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September 1, 2014

Average price for hotel room up by 4% globally

The average price paid for a hotel room globally increased by 4% during the first six months of 2014, when compared with the same period in 2013.

The average price paid for a hotel room globally increased by 4% during the first six months of 2014, when compared with the same period in 2013.

According to the latest Hotels Price Index report based on bookings made through Hotels.com, the overall economic recovery gathered greater momentum, particularly in Europe, with consumers becoming more confident in increasing their travel spending.

The global Hotel Price Index stood at 115 at the end of the first six months of 2014, 15 points higher than at its launch in 2004 and now only four points off its all-time high of 119 set in the first half of 2007.

Hotels.com president Johan Svanstrom said: "There was a promising start to the year for the travel industry in general as demand for both international tourism and business travel remained strong.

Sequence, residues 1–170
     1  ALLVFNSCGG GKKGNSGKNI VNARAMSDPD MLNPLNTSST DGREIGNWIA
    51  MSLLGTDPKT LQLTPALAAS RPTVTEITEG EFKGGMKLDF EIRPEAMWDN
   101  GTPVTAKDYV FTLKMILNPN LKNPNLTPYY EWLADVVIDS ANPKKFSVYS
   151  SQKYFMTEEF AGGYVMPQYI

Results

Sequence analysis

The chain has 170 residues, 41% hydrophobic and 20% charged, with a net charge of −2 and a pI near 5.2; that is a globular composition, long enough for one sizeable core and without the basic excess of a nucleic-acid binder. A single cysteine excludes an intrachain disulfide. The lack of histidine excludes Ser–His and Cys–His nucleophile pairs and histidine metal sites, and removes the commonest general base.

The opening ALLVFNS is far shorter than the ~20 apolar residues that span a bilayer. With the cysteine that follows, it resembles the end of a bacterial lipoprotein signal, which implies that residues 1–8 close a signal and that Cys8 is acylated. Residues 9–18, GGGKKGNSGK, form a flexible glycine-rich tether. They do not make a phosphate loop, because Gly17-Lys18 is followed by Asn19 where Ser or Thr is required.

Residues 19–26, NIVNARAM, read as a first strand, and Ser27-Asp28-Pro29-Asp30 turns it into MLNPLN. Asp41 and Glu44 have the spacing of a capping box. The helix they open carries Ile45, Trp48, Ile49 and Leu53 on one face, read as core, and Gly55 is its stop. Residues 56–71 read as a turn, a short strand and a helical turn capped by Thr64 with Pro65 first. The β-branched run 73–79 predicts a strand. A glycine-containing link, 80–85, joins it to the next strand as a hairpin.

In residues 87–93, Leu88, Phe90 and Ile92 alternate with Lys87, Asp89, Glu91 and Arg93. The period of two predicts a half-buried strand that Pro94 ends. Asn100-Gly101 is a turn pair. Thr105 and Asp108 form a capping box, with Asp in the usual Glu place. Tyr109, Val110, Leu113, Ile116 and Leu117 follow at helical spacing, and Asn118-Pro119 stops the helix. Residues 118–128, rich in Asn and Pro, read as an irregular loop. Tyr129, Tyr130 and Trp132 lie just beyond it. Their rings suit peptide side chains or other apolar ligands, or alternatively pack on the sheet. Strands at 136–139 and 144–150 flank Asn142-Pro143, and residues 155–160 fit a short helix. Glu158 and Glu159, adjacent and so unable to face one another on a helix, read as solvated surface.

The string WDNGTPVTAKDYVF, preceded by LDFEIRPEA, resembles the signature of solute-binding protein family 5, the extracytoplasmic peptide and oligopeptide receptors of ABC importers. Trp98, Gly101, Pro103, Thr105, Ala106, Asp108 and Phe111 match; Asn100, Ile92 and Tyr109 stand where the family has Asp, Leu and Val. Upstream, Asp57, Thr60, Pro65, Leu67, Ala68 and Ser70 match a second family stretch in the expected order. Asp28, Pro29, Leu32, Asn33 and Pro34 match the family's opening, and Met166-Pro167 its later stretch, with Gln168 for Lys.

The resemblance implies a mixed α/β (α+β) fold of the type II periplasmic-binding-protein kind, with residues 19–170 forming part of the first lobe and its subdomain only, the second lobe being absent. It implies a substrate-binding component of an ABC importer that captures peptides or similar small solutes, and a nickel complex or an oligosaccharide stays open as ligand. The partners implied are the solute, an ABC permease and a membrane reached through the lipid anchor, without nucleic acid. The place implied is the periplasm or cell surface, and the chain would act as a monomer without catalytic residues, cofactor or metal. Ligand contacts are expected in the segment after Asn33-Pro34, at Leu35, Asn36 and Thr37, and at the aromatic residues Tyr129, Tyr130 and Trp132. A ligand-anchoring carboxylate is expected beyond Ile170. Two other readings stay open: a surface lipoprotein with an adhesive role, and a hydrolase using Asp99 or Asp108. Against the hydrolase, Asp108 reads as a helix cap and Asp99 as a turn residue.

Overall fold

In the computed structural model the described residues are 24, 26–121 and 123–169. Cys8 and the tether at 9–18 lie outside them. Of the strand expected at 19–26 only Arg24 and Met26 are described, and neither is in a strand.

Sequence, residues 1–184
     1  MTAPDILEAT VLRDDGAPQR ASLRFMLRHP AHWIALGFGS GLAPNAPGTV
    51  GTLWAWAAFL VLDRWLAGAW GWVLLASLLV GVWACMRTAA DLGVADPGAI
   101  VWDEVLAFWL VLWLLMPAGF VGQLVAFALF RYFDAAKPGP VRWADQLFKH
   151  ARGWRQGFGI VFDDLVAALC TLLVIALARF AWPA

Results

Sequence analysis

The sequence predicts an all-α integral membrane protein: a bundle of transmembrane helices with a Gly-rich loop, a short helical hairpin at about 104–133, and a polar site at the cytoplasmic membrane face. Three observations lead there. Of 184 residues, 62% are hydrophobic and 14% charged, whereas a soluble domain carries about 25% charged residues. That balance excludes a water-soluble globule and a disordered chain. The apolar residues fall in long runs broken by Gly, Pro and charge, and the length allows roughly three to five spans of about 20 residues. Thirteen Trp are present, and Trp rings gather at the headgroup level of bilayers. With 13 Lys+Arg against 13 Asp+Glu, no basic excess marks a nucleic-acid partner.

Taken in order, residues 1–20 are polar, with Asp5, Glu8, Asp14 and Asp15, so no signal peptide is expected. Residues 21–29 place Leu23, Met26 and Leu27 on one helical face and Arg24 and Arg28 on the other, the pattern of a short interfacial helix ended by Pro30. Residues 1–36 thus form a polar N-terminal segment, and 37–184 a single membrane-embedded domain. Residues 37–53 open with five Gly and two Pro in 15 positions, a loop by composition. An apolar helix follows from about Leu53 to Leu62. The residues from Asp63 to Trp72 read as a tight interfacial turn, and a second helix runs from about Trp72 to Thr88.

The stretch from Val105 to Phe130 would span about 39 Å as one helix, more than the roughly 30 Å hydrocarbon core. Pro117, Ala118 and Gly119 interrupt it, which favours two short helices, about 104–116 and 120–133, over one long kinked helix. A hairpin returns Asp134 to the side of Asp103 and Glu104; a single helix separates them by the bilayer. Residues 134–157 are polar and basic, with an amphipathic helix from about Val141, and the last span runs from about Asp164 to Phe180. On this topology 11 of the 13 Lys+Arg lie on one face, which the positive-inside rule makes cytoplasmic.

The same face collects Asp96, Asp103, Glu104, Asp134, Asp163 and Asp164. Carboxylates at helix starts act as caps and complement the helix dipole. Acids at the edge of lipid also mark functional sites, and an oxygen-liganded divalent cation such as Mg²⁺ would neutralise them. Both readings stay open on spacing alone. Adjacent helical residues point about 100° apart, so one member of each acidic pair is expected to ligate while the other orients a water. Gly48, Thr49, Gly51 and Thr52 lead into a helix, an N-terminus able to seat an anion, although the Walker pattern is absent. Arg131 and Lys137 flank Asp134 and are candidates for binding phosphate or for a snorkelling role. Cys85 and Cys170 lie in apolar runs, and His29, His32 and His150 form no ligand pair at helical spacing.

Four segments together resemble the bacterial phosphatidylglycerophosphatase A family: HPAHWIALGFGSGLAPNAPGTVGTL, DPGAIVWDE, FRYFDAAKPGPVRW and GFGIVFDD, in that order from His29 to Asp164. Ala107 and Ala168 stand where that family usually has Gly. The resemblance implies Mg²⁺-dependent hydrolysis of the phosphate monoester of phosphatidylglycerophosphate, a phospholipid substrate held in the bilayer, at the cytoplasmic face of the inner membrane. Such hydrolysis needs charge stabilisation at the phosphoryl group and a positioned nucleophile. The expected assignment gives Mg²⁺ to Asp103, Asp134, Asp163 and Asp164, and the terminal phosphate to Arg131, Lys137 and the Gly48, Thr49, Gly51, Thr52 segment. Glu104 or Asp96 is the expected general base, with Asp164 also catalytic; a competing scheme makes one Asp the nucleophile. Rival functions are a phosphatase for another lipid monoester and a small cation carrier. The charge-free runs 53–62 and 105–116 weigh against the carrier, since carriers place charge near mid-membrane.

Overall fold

"We saw the highest rate of increase in the HPI since early 2012 and, for the first time, we have two regions whose regional indexes have overtaken their pre-economic crisis levels."

"Consequently, we saw the highest rate of increase in the HPI since early 2012 and, for the first time, we have two regions whose regional indexes have overtaken their pre-economic crisis levels."

Geographically, Latin America and the Caribbean witnessed record positive results over this period. In Europe and Middle East, index growth increased by 5%, the sharpest increase in the region in six years.

For Asia and the Pacific, the index remains unaltered. Asia continues to offer good value for travellers, while prices paid by visitors to Australia were eased by the weaker Australian Dollar.

Svanstrom continued: "Currency fluctuations played a major role in determining whether prices paid when travelling abroad either rose or fell for many travellers. UK travellers, in particular, benefitted as the Pound either remained stable against already weaker currencies or gained ground against others."

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